James Michener's novels generally tell the story of a geographical location - sometimes large, sometimes small - through a fictional set of interrelated characters. Chesapeake (perhaps a more accurate title would have been Choptank, but never mind) follows the careers of three families living on the eastern shore of this great bay. The Steeds: Rich, well-educated pro-slavery plantation owners, forced to take the lead in the Revolution even though they considered themselves royalists. The Turlocks: uneducated, racist slavers/pirates/privateers, living off the land, poaching and killing Natives, English, and runaway slaves. The Paxmores: Quaker shipbuilders, lynchpins of the underground railway and moral voices of the Choptank area.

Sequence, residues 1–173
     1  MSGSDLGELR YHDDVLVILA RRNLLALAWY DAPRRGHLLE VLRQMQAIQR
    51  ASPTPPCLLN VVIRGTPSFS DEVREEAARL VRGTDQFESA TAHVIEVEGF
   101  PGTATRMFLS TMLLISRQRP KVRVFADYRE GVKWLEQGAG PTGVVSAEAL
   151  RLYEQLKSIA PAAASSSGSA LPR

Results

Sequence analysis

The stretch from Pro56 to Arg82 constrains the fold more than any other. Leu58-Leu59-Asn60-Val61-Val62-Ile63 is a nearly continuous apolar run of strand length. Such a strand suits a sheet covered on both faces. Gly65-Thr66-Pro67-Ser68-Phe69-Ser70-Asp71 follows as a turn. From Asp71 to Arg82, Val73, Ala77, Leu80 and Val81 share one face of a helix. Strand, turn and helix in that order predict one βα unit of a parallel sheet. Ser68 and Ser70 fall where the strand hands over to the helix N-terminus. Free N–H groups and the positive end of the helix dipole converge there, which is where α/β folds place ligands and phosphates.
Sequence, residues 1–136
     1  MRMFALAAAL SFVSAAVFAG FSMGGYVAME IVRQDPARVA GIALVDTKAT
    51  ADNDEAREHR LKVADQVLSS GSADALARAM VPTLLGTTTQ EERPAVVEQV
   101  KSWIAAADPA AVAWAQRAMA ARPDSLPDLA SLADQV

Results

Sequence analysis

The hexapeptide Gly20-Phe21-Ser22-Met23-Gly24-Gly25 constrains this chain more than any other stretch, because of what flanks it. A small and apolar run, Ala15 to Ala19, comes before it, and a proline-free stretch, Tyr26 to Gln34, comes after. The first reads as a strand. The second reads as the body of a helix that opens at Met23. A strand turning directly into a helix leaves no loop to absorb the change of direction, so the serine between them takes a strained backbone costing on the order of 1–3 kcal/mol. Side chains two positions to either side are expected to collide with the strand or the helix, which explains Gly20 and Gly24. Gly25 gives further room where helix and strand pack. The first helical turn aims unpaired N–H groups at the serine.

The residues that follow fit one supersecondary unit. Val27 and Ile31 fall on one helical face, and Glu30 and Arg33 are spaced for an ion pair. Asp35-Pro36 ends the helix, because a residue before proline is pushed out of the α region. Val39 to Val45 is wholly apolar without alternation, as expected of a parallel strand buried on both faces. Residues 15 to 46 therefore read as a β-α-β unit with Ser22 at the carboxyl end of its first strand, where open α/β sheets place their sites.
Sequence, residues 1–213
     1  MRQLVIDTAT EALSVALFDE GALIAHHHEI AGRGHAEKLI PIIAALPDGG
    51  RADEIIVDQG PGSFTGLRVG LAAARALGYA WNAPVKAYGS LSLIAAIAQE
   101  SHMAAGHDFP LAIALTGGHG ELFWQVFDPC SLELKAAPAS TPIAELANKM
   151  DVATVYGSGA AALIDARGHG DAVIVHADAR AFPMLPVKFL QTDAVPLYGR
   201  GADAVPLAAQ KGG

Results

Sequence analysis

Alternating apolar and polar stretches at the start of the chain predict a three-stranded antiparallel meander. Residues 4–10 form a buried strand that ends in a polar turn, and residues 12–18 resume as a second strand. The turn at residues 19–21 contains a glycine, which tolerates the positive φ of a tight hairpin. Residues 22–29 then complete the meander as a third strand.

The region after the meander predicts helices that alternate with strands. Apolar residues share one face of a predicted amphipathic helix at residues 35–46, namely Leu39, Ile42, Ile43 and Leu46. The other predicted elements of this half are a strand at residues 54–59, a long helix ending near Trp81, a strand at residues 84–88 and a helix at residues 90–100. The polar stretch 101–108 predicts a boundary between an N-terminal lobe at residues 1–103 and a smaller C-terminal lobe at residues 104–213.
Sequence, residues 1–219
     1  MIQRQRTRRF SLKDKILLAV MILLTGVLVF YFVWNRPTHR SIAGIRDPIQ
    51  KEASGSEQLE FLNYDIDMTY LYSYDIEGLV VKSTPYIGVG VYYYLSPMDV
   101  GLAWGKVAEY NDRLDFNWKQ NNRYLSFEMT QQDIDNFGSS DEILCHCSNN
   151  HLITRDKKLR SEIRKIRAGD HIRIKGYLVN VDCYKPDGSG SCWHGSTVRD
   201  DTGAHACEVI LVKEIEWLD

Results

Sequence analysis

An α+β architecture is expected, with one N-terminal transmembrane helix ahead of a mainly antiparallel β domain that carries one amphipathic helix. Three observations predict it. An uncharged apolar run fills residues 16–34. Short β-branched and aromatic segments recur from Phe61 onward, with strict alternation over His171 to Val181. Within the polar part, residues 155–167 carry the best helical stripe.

The timeframe is from the 15th century to Watergate. Multiple generations of these three families come and go. In spite of the huge numbers of characters, Michener manages to keep everything clear. Each chapter is basically a short story - one is the story of a slave brought from Africa, sold to the Steeds, who eventually buys his freedom. Another is the story of a Turlock privateer's running feud with a British captain through the War of 1812 and beyond. These short stories are all interwoven in a larger narrative that develops the land and history of the Chesapeake.
For my money, Chesapeake is a well-crafted tale, seamlessly intertwining the individual stories into a coherent whole. Michener does a much better job here than with, for example, the disjointed Caribbean. My only complaint is the fact that the last two chapters are extremely weak - rambling, self-indulgent, and without focus. However, as this is only 100 pages of a 1000 page book, there is so much more to like that I recommend it to anyone. Even those, like me, who previously had little interest in the area and who have never visited the Chesapeake.